New UMass Amherst Labor Center Study Finds Nearly 10% of Rhode Island Employers Misclassify Workers, Costing Taxpayers Tens of Millions of Dollars
AMHERST, Mass. – A new study released today by the University of Massachusetts Amherst Labor Center reveals that nearly 1-in-10 Rhode Island employers misclassified employees as independent contractors between 2016 and 2021, affecting an estimated 19,359 workers in the state in 2019 and costing taxpayers at least $25.1 million. Illegal misclassification allows firms to evade taxes while denying workers their legal rights to, among other things, unemployment insurance benefits, workers’ compensation insurance and overtime pay.
The study, which was co-produced by the Institute for Construction Economics Research (ICERES) and conducted by Tom Juravich, professor of labor studies and sociology at UMass Amherst, and Russell Ormiston, associate professor of business and economics at Allegheny College and president of the ICERES, relied on extensive data provided by the Rhode Island Department of Labor and Training.
“This research builds on the work we did in Massachusetts and shows that rampant worker misclassification and employer tax fraud is a problem across New England,” says Juravich.
Worker misclassification occurs in every industry of the Rhode Island economy, but is especially rampant among residential construction, janitorial services, landscapers and certain types of construction contractors, such as painting and finish carpentry.
“The illegal misclassification of workers as independent contractors in residential construction has created a hothouse for wage theft,” Juravich says.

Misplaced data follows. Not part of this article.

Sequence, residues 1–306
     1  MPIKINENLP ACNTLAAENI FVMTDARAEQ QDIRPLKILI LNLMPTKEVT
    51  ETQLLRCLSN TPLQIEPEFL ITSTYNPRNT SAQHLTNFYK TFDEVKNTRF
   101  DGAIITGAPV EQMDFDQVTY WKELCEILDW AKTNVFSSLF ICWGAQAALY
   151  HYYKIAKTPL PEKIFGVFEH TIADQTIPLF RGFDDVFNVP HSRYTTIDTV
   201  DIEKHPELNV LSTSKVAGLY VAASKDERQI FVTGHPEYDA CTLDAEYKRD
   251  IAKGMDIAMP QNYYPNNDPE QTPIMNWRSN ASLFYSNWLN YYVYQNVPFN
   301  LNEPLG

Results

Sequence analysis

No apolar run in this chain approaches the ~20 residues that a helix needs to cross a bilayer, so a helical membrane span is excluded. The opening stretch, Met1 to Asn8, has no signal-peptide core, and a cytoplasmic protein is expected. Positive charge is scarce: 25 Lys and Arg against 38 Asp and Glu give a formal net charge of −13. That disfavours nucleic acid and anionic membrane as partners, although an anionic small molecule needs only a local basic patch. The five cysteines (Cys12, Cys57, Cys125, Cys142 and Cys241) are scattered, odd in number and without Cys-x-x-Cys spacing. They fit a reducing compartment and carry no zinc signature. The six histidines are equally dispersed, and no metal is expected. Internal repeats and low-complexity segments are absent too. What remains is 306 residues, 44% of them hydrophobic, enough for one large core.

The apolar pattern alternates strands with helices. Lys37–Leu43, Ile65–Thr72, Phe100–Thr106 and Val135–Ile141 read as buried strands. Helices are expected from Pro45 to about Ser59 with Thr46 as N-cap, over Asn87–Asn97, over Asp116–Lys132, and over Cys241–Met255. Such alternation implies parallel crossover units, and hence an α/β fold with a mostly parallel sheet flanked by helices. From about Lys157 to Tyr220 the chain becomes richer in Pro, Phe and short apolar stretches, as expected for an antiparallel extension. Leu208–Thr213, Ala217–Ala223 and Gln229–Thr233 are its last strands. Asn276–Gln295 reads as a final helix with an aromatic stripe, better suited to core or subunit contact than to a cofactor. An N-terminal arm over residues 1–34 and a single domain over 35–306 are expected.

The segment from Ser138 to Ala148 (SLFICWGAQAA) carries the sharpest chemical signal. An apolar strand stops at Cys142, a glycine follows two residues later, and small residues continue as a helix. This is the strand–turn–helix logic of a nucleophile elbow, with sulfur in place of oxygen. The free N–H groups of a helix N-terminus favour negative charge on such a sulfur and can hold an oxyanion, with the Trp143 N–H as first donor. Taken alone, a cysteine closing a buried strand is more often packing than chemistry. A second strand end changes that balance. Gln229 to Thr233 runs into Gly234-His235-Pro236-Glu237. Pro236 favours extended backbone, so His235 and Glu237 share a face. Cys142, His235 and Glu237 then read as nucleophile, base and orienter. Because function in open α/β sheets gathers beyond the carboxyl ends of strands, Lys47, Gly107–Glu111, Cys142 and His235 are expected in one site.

Worker misclassification is a form of tax evasion that denies workers their legal rights, allows unscrupulous employers to undermine the competitive position of law-abiding businesses, and defrauds taxpayers. While projections of the “underground economy” are complicated by incomplete data, the authors estimate that worker misclassification cost Rhode Island taxpayers between $25.1-$54.4 million in 2019.
“Worker misclassification sounds like a benign technical issue, but it produces real victims and real consequences,” Ormiston says.
Payroll fraud is not limited to worker misclassification, as the study also highlights high-profile cases of wage theft in Rhode Island. The authors contend that wage theft will largely continue unabated until state law provides sufficient deterrent against those who refuse to pay workers fully and on time.
“It speaks to an incredible inequity that it is a felony if an employee steals $100 from a cash register in Rhode Island, but a misdemeanor if the employer steals $10,000 from their workers in the form of unpaid wages,” Ormiston argues.